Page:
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Veteran- A Perfect Project Manager

Veteran- A Perfect Project Manager

In the military, individuals stay busy with some of the other actions from training to maintenance, and planning is the most important part of all this. The military decision-making process follows different frameworks such as MCPP (The Marine Corps Planning Process), SMEAC (Situation, Mission, Execution, Administration, and Command), etc.

The understanding of planning and managing projects is a must-have quality in all successful leaders irrespective of their fields. It’s a good project management skill that executes a business plan, a marketing campaign, a freeway or building the house. In both military and corporate organizations, there are numerous ways of planning and management, but all projects have a different

te (PMI) is the most reputed and highly recognized standard for project management. The PMI’s Project Management Professional (PMP) certification is based on the Project Management Body of Knowledge (PMBOK Guide), which is considered as a guideline for managing projects. Apart from terminology, you’ll see many similarities between project management and military planning. The process outlined by PMI has five phases, starting from initiate, plan, execute, monitor and control and finally close. Combining all these phases create a project life cycle, which determines the focus of effort.

Initiate: According to the PMI model, in this phase, individuals receive a task, assignment of roles and responsibilities, and requirement estimation. On the other hand, in the military model, this phase includes receiving a mission, assessing the mission tasks, etc. The initiation phase is a phase where actual planning begins, either assembling a team or sending out a member to gather resources.

Plan: In both corporate and military backgrounds, planning is a process of analyzing the requirements, determining a prospect, finding important tasks, and deconstructing tasks. The planning is preventing a conflict between tasks and resources, end state and timing of events. This phase is a collaborative process, dependent on the active and collective involvement of all participants.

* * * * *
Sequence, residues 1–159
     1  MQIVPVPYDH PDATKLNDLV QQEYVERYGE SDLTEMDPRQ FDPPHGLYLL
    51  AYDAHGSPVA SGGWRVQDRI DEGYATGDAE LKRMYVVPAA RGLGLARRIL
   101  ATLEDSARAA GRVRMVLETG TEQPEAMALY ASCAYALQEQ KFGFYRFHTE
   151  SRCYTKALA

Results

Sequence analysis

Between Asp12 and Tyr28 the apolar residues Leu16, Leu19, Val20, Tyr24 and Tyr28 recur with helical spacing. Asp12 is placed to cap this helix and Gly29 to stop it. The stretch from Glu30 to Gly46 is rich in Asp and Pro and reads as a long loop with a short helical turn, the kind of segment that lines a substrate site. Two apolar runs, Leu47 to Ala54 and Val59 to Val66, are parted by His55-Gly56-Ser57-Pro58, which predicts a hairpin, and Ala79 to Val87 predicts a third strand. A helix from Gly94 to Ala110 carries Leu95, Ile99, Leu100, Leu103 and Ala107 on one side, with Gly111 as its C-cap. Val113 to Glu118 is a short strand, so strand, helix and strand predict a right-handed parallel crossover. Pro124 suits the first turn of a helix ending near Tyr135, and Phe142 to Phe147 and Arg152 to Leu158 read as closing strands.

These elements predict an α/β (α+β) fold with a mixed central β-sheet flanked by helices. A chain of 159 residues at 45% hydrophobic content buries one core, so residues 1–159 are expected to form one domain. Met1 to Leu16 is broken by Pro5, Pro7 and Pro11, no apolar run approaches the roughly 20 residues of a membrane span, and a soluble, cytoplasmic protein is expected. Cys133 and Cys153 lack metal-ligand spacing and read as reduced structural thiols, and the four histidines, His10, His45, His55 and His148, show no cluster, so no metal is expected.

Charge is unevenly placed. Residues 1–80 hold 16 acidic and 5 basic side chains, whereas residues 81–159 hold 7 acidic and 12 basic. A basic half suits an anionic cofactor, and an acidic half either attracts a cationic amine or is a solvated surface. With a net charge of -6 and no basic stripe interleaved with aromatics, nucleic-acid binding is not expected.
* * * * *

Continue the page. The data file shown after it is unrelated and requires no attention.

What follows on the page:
Execute: This is a phase where actual work begins, execution, the longest phase of the project Execution is consuming resources to achieve the objectives. As requirements, objectives or goals change, the plan gets adjusted accordingly.

Monitor and Control: This phase has a feedback loop, which is used to monitor and control. Through progress, feedback and execution, the project is monitored, evaluated and controlled. In this phase, the commander or the project manager coordinates resources, effort and supporting elements for mission or project success.

Close: This is the final phase of the project/mission is closed after a goal is achieved. The success of a project/mission is judged on the basis of meeting time frame and quality, which is the same in the military.

As a military person, veterans may not have technical experience, but they have leadership experience.

Some of the major challenges in the project management is understanding the requirements, getting the team to work together, and effectively communicating with the stakeholders, and service members' have the ability of listing, problem-solving, collaborating, and leading. They just need to translate all those qualities into the corporate language for their next career. Having a general knowledge of the process is helpful and you can get it with CP’s Project Management Professional training program. With our 4-days PMP certification training, our master instructor will assist you to mold your military skills according to the corporate industry.

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